Cyber criminals are targeting the popular Wordpress blogging platforms with password cracking attacks.
Security expert Brian Krebs reported uncovering the campaign, publishing a list of sample WordPress usernames and passwords used in this attack on Saturday.
Security firm Sophos reported that the crooks are stealing the information using a botnet to launch automated dictionary attacks.
"Word from the anti-DDoS world is that a botnet is responsible, with estimates of ‘up to 90,000,' ‘more than tens of thousands,' and ‘up to 100,000' infected computers orchestrating the felonious login attempts," wrote Sophos researcher Paul Ducklin.
Dictionary attacks aim to hack accounts by guessing the usernames and passwords. The attacks can vary in sophistication, with some being based on hard research using data stored on the victim's Facebook page or Twitter profile, while others can simply be random guesses.
"The idea is simple: automate the password guessing, speed up the attack, and don't spend too long on any individual site. Look for the low-hanging fruit, and harvest it as quickly as you can; if you can't get in within a few hundred or thousand attempts, move on to the next potential victim," wrote Ducklin.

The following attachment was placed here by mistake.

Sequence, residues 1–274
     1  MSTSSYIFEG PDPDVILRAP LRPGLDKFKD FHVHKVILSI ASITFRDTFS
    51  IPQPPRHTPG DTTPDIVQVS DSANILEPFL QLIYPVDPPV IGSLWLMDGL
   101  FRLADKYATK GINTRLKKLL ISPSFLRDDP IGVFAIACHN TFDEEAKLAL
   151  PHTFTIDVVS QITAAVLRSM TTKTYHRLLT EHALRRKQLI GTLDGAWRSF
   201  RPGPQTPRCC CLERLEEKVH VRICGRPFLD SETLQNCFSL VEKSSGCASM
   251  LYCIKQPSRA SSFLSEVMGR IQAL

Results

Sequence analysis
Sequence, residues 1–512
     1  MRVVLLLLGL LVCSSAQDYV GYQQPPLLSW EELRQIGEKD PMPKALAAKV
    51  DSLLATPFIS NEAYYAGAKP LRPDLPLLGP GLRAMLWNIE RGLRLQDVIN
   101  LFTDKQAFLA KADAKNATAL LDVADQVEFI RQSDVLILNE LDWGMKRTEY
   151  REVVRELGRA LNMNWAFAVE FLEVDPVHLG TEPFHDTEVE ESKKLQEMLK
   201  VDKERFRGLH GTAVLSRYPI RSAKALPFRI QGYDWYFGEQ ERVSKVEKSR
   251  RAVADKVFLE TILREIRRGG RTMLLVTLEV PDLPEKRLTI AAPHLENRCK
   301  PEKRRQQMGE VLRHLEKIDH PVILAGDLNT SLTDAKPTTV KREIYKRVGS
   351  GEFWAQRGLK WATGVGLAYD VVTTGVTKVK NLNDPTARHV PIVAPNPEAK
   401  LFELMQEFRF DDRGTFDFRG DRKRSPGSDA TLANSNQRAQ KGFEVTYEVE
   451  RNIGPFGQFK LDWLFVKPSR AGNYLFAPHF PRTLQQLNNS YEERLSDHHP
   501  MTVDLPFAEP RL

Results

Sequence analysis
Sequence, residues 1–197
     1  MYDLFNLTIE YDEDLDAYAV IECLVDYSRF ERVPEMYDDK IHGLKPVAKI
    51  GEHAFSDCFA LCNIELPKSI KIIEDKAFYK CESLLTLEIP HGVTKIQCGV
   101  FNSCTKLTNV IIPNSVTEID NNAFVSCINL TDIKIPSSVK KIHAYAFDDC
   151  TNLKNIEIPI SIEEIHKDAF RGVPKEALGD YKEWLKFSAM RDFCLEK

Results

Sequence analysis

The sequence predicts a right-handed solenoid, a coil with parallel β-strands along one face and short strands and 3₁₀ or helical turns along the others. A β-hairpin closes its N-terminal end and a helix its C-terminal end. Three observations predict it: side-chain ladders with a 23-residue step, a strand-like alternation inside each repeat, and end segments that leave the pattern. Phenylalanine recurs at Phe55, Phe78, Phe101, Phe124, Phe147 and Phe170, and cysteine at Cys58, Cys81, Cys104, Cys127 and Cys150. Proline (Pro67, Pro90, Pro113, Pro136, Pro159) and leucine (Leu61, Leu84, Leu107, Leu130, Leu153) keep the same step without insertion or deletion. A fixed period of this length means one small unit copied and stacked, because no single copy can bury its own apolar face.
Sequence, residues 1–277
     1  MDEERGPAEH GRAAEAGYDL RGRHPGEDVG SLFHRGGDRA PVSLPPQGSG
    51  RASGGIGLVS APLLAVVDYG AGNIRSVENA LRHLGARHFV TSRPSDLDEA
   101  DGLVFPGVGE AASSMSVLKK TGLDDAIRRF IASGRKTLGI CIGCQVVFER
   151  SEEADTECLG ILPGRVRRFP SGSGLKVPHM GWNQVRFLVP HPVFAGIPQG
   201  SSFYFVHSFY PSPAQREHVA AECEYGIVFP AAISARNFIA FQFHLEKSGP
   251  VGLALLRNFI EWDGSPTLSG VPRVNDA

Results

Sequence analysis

"It's doorknob rattling, but on an industrial and international scale."
Ducklin said that the attack targeting Wordpress is a simple one and so users of the sites being attacked that follow good password security, such as using random passwords with a mix of letters, numbers and characters, should be safe.
Zombie botnet networks are a constant problem in the security community, becoming an increasingly common tool in cyber crooks arsenal.
The networks enslave unwitting internet users using a variety of techniques, including phishing messages loaded with malicious web links and PDF attachments.
Security vendors have warned that despite the simplicity of the attacks thousands of people are still falling for the scams.
Most recently Russian antivirus firm Doctor Web reported hijacking control of a botnet infecting over 100 computers per hour.
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